Jeb Bush on Thursday added his voice to the chorus of Republican 2016 contenders who would cancel a nuclear deal that President Obama reaches with Iran.

But the former two-term Florida governor appeared more equivocal than some of his competitors for the Republican presidential nomination, telling an audience of the National Review Institute Ideas Summit that he would do so if it made sense for U.S. national security. Bush also appeared to break with some of his party's White House hopefuls when he offered qualified support for a Senate bill that would force a vote on a deal.

"The option, I think, is no congressional oversight at all — not congressional engagement at all, which would be worse than having some engagement. I think Republicans need to be on record opposing whatever happens, if there is to be an agreement, and doing it in a principled way. It sets the stage for what the next president can do," Bush said.

Republican Gov. Bobby Jindal of Louisiana, like Bush a likely candidate for president in 2016, urged the defeat of the Senate bill. "Republicans in the Senate confused influence with acquiescence and mistakenly fought for the power to rubber stamp a bad deal. We needed to have Congress improve the deal, not just approve the deal," Jindal said.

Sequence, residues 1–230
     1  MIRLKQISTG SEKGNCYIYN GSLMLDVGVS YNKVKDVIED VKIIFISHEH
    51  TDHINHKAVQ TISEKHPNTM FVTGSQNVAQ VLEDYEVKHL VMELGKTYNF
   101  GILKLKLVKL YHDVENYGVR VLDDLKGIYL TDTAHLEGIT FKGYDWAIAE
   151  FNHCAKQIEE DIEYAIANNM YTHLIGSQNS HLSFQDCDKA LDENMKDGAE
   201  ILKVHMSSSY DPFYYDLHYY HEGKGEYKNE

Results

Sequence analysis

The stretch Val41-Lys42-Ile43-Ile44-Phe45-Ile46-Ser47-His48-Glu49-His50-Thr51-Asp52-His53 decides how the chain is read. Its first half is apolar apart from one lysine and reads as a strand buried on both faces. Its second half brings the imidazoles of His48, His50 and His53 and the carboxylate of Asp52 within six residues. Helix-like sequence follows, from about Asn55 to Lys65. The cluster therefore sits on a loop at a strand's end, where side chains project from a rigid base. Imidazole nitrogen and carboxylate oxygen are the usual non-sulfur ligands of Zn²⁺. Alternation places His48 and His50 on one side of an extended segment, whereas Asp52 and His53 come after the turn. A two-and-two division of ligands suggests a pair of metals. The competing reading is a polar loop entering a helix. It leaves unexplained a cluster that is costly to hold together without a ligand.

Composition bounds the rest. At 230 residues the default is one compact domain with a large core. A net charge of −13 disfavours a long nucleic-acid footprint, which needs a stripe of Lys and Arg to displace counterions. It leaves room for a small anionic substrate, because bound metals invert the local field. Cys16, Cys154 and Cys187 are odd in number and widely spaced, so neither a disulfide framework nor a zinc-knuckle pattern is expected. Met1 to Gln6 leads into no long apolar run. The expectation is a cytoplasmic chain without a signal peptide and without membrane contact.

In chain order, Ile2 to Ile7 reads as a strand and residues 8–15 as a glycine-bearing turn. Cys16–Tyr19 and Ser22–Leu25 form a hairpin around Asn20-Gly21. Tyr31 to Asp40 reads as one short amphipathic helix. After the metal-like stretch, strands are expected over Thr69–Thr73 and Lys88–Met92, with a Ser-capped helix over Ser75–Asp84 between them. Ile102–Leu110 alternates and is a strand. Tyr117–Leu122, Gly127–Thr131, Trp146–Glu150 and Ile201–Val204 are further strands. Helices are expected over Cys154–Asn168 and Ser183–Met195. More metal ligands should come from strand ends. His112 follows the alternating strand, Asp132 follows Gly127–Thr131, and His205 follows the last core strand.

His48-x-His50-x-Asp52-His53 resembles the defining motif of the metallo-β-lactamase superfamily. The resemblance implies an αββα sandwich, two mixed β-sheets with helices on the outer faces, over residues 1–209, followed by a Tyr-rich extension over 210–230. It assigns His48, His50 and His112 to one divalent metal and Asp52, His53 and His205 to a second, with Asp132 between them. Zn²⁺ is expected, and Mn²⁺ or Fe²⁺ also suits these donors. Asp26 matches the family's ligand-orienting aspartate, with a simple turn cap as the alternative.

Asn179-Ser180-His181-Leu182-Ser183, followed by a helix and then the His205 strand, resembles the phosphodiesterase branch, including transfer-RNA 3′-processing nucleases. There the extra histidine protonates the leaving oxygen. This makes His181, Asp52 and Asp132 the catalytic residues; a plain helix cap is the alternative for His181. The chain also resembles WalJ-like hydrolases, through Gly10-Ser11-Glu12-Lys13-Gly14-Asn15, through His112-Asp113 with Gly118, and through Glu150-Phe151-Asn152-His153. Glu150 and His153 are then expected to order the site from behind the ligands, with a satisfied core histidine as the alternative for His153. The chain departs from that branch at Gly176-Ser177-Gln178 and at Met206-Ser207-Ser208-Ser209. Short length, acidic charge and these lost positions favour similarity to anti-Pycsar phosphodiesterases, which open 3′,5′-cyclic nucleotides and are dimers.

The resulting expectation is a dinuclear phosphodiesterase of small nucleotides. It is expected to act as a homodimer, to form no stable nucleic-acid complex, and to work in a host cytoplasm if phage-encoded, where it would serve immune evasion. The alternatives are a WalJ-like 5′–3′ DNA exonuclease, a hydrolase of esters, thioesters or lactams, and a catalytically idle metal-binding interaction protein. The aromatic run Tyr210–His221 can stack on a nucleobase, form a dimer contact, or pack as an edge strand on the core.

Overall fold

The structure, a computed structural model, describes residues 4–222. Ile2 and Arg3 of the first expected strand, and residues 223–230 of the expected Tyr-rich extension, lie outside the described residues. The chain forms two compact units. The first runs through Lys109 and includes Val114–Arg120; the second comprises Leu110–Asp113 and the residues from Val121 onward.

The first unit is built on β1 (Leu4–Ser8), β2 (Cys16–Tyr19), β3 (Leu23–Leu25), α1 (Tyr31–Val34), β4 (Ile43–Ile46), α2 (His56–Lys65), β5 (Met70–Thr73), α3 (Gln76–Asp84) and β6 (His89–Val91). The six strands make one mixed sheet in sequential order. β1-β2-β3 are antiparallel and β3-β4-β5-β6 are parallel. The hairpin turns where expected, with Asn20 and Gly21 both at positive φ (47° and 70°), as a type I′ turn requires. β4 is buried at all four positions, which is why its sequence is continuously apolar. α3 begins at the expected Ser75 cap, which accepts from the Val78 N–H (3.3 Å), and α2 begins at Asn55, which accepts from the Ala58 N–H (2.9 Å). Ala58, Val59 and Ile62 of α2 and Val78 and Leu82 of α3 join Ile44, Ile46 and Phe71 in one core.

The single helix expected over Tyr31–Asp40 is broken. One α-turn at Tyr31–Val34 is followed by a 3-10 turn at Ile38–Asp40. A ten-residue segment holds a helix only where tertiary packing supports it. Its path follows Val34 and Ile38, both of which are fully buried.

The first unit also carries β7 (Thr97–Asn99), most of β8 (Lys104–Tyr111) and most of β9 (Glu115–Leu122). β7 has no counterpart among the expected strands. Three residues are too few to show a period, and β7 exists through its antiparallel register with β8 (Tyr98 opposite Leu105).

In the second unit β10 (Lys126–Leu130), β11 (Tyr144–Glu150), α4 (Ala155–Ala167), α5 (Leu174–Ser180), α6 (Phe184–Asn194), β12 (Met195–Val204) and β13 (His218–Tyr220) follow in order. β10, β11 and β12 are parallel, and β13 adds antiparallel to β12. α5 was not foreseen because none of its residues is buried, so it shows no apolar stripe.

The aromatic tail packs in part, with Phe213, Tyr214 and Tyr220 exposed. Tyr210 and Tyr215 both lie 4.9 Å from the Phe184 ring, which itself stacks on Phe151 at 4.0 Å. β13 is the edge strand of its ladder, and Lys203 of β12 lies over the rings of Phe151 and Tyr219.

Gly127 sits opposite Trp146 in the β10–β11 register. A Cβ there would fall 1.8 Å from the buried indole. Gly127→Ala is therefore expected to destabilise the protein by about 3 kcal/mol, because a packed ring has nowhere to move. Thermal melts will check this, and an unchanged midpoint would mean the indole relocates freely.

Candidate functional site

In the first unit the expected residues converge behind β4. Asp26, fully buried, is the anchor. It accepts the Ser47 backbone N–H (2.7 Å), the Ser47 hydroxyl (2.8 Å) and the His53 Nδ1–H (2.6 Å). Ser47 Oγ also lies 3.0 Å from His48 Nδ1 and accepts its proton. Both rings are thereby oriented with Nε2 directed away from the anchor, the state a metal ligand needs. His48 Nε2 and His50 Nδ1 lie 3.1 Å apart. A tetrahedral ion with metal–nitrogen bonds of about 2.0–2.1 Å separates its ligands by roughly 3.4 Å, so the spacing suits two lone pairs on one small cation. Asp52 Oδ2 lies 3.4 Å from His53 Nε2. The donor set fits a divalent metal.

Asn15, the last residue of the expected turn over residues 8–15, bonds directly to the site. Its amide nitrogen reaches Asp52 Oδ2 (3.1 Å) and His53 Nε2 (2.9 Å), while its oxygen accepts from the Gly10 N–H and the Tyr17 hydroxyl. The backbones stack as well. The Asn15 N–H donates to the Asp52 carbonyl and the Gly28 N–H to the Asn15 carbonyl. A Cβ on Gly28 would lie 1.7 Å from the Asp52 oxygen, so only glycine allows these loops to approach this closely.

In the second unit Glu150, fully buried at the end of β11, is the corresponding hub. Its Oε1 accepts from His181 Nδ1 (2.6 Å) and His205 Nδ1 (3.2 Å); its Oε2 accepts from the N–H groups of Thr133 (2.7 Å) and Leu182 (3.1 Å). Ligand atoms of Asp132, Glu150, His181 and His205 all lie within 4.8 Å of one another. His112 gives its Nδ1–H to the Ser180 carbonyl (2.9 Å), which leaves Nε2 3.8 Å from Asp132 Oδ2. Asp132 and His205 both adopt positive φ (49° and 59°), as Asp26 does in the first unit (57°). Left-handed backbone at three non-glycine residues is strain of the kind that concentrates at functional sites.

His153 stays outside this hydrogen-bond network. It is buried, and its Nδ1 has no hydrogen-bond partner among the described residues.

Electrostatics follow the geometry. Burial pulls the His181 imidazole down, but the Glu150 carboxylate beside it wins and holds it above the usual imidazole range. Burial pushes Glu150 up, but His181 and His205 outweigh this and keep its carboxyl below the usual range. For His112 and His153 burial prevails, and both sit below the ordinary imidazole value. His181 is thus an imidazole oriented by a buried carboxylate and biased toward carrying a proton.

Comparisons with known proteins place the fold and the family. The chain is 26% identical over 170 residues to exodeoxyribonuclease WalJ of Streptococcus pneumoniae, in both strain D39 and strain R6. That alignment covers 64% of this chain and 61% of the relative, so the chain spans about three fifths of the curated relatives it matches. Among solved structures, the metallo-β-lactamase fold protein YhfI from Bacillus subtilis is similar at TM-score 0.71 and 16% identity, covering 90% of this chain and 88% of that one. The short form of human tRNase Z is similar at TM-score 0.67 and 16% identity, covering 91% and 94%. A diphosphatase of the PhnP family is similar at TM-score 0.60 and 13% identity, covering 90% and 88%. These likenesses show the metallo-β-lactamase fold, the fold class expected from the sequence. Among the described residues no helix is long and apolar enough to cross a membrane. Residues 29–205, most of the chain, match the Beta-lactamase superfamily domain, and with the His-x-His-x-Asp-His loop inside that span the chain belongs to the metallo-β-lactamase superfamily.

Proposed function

Conservative critics of the legislation, sponsored by Senate Foreign Relations Chairman Bob Corker, R-Tenn., and Sen. Bob Menendez, D-N.J., say it creates too high of a bar to stop the emerging agreement to limit Iran's nuclear weapons capabilities between Tehran and the U.S. and other world powers. The bill would force a vote on any accord, but unless Congress mustered a veto-proof majority to block a deal, it would proceed.

The bill was approved by the Senate Foreign Relations Committee on a 19-0 vote. But it has since bogged down during the floor debate over a push by Sen. Marco Rubio of Florida, an announced presidential candidate, to amend the legislation to force Iran to recognize the existence of Israel. On that, Bush appeared conflicted.

"I understand the sentiment, I don't know if that kills the bill," he said, before elaborating on his opposition to the pending deal with Iran.

"The reason why this is a bad deal is, Iran hasn't recognized Israel and its right to be a Jewish state," he said. "Iran has destabilized the region that we're now engaged in. The net result of this is we're likely to have proliferation in the region, you're likely to have an emboldened Iran, not a humble Iran, and you're likely to have our strongest ally in the region be threatened. So I think this is a horrific deal."

Asked directly during a question and answer session if he would cancel the deal if he's elected president in 2016, Bush said: "If it's in the security interests of the United States, absolutely. Another hypothetical is that this is done by executive order. As we know, the president is proud of using authority he does and sometimes doesn't have."